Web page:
BEIJING -- The U.S. Olympic baseball team received a visit from President George W. Bush on Monday afternoon before the team's exhibition game with China. The President arrived about 40 minutes prior to the scrimmage at Wukesong Field No. 2 and met with manager Davey Johnson, as well as the players and staff. He then stayed around for 1 1/2 innings of play with First Lady Laura Bush and his daughter Barbara in attendance as well.

"We are all honored he came by, and everyone was feeling great, and we had a lot of energy when he was here," said manager Davey Johnson. "I think everybody got to talk to him and got a signed ball or took a picture with him. He was very gracious. Everybody on the ballclub was very impressed. Now our work begins. The fun and games are over, and now our work begins."

Johnson and the team presented President Bush with an autographed USA Baseball jersey signed by the team and staff. He and his family also received USA Baseball hats. After meeting the team and throwing out ceremonial first pitches to both the U.S. and China, President Bush watched a little bit of the exhibition between both countries before departing back to the United States. Pitcher Jake Arrieta (Farmington, Mo.) was one of the players that had the opportunity to talk with President Bush.

"I was shocked to meet him at first and a little nervous," said Arrieta. "It was great that he was able to come out here and say, hi, individually to all of us. We got to take photos with him, and it is nice to have the support like that, especially on an individual basis. I know he is extremely busy, but for him to take the time out of his schedule and spend a little bit of time with us is very special."

Arrieta and President Bush's conversation included a brief exchange on the state of Texas. Arrieta played in the Lone Star State at Texas Chrisitian before his professional career.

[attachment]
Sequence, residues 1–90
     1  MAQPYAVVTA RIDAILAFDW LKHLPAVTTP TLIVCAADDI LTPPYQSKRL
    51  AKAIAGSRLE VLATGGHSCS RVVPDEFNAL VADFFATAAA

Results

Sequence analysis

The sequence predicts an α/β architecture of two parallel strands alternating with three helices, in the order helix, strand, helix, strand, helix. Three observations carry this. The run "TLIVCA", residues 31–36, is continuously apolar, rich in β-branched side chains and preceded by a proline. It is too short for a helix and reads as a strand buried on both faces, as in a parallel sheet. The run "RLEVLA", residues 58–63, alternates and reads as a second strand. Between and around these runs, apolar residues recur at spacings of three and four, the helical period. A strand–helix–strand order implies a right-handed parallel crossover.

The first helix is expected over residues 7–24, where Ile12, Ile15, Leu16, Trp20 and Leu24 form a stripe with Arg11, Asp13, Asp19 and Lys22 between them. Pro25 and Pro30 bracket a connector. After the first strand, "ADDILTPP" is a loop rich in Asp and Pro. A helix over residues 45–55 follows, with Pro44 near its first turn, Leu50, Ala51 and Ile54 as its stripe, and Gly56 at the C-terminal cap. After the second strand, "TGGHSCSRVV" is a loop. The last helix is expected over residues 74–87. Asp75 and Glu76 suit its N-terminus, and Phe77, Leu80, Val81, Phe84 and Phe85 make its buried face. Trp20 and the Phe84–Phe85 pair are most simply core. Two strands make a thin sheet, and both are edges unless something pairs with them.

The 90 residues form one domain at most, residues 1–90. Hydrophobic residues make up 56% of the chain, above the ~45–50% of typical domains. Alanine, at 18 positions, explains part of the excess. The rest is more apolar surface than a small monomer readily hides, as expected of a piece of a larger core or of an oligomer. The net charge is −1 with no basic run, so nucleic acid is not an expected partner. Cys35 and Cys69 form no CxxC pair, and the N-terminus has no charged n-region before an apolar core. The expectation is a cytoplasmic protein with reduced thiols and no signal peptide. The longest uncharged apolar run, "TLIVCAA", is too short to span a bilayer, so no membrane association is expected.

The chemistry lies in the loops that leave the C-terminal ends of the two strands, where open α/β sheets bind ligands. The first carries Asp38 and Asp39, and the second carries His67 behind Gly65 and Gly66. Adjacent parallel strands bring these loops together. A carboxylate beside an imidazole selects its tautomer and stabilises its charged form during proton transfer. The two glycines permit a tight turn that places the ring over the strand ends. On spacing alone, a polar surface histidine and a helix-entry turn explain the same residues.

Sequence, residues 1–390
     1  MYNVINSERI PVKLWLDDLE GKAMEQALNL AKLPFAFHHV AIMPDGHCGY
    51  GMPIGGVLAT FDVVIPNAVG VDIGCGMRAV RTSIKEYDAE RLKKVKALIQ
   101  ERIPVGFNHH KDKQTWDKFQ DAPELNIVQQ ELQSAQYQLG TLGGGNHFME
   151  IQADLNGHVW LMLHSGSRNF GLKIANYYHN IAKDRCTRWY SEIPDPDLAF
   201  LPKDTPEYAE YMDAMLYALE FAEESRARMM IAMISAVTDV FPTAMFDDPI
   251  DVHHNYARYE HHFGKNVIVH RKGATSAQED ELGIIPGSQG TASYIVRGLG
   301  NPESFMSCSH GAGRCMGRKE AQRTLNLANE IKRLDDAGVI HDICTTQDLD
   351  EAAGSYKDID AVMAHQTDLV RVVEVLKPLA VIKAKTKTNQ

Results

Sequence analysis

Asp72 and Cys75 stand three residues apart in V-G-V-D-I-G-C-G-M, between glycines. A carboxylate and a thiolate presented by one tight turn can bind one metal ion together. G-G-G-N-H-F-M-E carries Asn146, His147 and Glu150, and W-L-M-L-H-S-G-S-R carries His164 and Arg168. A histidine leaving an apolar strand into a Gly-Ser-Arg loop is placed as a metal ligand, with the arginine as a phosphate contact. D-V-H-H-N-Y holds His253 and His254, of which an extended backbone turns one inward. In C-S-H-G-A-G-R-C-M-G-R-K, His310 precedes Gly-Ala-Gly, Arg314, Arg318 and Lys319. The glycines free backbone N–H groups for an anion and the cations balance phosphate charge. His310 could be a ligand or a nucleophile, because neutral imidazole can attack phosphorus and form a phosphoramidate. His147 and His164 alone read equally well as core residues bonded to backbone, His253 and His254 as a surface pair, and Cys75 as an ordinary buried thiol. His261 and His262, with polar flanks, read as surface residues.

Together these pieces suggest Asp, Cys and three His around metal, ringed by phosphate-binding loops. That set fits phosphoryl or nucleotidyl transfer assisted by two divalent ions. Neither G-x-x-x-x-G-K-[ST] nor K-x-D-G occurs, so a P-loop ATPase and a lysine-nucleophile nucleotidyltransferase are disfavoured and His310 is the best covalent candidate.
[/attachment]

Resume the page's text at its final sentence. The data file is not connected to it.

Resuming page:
"He told me that he is in the process of buying a new place in Texas," said Arrieta. "I know he is from Texas, we talked about Dallas a little bit, and he says he loves the city and enjoys going out to Fort Worth. It was nice to have a little bit of a conversation with him. My family is going to be jealous, and it is something I'll remember for a long time."

Another U.S. player with Texas ties is catcher Taylor Teagarden (Dallas), who attended the University of Texas from 2003-05 and was on the national championship squad for the Longhorns in his final season. Teagarden remarked about how he appreciated the chance to meet the President, after missing out in 2005.

"It was awesome," said Teagarden. "It was kind of everything I thought it would be. When I played in college, the guys that won a national championship before me got to go to Washington and meet him, and I didn't get a chance to. I didn't know if I was ever going to have that opportunity [to meet him]. He kind of surprised me the other night, at Opening Ceremonies he made that appearance, and it was unbelievable. He came up to me and he knew who I was, having played at Texas and him and his family having ties there, so that was awesome. I'm a big fan of his, so it was pretty exciting."

Following the time spent with President Bush, the U.S. got down to business on the field and defeated China, 7-3. Left-hander Brett Anderson (Midland, Texas) hurled five scoreless innings and allowed just five hits while striking out eight batters. Nate Schierholtz (Reno, Nev.) tallied two hits, including a solo homer, with Matt Brown (Bellevue, Wash.) adding a double and single as well.

The U.S. will practice on Tuesday, the team's final tuneup before opening Olympic Competition on Wednesday, Aug. 13, at 6 p.m. (local time) vs. Korea. Tuesday's practice is open to the media and is scheduled to begin at 4:30 p.m. at the Wukesong Baseball Facility.